Meanwhile, AJ Roskam, son of the U.S. Congressman from Illinois’ Sixth District, had a great tournament in just his second event. His first was at CODCon. In addition to playing three solid games of Dip, AJ brought two friends to Moot. AJ learned the game with a group of eight guys in the Western suburbs, and he plans to bring some of them to the Pyle.
And club regulars Chris Kelly and Josh Heffernan participated in their first Weasel tournaments, so although our numbers were down, there are lots of reasons to feel good about the future.
Roskam and one of his friends will be heading off to college in the fall. They asked me to put them in touch with the organizers in their respective areas, as did Fries. And Flynn and longtime Weasel supporter and don of the Milwaukee Mafia Grant Smith, who lives in Madison now, talked about trying to pull together a game there. Several Weasels have been looking for an excuse to travel to Madison, so we’ll enthusiastically support their effort.
Grek and Rowlands also caught the bug. I’m going to put them in touch with some of our contacts in Ontario and Montreal.
So, although small, Moot 8 was a great event for us and potentially for the larger hobby as well.
We were happy to welcome back Chris Glassburn of Cleveland, who attended with his girlfriend, Megan. Glassburn is one of only five people, and the only traveler, who have participated in every Moot. The others are Christian Kline, Kevin O’Kelly, Matt Sundstrom and me. Glassburn likely will be back next year, as he’s proud of his streak, and maybe Megan will play as well. She spent part of her day on Saturday reading the rules and observing games.
Graham Woodring didn’t fare as well as he did three weeks ago at the Philadelphia Massacre, a tournament he won. We were happy to see him anyway, and not just because he was so generous with his dots.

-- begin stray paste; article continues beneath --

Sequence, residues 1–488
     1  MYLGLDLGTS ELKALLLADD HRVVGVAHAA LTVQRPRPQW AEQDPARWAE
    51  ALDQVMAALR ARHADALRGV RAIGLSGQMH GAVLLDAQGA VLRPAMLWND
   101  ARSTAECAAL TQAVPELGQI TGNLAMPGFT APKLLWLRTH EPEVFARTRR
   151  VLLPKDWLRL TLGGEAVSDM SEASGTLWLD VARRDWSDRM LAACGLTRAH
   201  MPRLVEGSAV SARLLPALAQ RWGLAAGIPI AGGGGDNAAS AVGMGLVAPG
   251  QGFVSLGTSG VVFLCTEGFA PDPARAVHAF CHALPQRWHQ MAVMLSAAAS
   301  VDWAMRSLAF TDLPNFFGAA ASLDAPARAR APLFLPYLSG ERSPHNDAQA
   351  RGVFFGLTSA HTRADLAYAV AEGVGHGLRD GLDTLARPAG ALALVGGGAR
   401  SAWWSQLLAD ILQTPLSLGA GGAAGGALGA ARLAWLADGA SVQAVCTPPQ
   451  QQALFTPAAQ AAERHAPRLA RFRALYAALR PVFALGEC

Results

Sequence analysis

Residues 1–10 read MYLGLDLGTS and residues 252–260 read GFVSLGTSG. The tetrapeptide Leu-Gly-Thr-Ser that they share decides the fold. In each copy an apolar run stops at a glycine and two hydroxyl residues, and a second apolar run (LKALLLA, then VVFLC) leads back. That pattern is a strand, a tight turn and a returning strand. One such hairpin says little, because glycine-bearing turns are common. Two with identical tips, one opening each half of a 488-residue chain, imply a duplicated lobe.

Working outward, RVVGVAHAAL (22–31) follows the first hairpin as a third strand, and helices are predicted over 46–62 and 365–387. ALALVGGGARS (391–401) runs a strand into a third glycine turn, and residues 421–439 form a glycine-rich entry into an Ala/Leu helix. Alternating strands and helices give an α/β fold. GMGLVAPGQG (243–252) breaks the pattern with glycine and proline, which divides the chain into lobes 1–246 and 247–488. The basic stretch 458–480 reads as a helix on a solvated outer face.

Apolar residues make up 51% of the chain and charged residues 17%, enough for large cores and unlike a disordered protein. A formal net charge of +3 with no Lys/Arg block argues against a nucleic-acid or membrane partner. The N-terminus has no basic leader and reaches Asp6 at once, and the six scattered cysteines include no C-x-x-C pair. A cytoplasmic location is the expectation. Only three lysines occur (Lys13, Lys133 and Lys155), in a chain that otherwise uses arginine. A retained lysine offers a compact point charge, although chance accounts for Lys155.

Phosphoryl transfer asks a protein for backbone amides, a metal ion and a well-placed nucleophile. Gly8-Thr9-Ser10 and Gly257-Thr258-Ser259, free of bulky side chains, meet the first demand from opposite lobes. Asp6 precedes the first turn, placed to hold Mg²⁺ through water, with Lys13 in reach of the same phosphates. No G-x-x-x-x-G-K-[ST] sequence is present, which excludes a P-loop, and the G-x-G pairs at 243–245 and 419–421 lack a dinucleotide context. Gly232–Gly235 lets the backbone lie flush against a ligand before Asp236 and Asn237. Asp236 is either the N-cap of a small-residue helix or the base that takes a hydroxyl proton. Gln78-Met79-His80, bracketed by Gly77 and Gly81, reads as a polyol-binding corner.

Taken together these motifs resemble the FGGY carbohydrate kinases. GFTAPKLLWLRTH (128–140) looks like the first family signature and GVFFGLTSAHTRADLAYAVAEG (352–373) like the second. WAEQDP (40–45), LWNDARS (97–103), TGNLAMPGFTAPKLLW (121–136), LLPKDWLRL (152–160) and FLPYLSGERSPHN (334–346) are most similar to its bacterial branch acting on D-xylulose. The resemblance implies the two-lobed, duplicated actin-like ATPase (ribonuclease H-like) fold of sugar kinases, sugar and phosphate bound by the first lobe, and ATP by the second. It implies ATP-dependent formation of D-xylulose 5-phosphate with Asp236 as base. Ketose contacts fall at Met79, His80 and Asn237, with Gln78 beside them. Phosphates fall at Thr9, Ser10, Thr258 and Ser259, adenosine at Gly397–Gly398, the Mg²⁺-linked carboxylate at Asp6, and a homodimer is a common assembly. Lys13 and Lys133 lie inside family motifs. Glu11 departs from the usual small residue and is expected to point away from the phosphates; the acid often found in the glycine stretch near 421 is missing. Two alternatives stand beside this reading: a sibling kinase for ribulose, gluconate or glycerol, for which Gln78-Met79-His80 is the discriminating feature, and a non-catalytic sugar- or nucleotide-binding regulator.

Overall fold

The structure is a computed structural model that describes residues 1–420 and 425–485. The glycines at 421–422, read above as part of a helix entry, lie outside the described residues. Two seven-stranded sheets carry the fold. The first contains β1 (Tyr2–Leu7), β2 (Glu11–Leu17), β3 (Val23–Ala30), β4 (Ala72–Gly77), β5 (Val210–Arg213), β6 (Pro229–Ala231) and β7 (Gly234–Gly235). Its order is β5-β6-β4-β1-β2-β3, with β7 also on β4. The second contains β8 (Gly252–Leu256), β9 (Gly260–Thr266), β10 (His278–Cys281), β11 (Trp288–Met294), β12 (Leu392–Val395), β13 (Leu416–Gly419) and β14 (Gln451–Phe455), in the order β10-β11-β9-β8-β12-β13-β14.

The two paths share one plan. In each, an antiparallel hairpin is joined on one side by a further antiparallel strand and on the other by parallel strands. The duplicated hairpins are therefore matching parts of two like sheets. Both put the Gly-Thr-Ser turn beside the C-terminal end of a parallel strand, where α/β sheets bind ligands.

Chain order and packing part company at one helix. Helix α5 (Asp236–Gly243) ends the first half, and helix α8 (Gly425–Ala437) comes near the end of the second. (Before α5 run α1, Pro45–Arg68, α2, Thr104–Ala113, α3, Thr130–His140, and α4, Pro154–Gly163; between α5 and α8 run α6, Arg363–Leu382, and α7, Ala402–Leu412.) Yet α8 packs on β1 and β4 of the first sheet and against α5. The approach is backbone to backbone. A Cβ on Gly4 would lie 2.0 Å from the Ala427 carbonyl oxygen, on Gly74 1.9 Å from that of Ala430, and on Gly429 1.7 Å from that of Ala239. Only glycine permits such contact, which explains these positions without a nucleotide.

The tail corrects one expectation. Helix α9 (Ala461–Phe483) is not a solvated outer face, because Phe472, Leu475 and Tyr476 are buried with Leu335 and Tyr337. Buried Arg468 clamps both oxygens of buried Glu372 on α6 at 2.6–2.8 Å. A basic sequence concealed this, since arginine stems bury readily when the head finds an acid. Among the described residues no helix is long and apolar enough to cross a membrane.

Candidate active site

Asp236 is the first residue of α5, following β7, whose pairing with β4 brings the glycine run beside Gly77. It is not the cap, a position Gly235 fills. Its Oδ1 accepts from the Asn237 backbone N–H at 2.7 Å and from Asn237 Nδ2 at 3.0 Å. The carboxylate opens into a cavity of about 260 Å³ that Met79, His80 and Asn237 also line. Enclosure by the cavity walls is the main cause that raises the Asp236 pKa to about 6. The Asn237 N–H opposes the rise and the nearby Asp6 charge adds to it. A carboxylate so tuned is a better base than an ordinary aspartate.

We fielded a team tournament in the first round. Seven teams participated. The final standings were:
- Kelly’s Heroes, 79.316: Kyle Brintwell, Chris Kelly and AJ Roskam
- Hipster Beatdown, 55.517: John Gramila, Peter Lokken and Ted McClelland
- Shit Fountain, 49.725: Eric Fries, Frank Grek and Cameron Rowlands
- No One Actually Wants a Level Playing Field, 45.86: Christian Kline, Edwin Turnage and Graham Woodring
- One Flew Over, 40.259: Don Glass, Tony Prokes and Grant Smith
- Weapons of Ass Destruction, 15.036: Chris Glassburn, Josh Heffernan and Kevin O’Kelley
- SPF Diplomats, 14.286: Nelson Flynn, Paul Pignotti and Matt Sundstrom
Two final notes:
- I finally won something at Moot, capturing Best Turkey and second place. I had never before placed better than eighth, and other than a share of the team title at the 2012 WDC, I had left every prior event empty handed. I’m pretty happy to finally get that monkey off my back.
- And the weekend doubled as a bachelor party and send-off for Ted McClelland. He’s getting married next weekend and will be moving to Boston next month. We will miss him, but we wish him well and our loss is the New England hobby’s gain. I’ll put him in touch with some of the local people in Boston.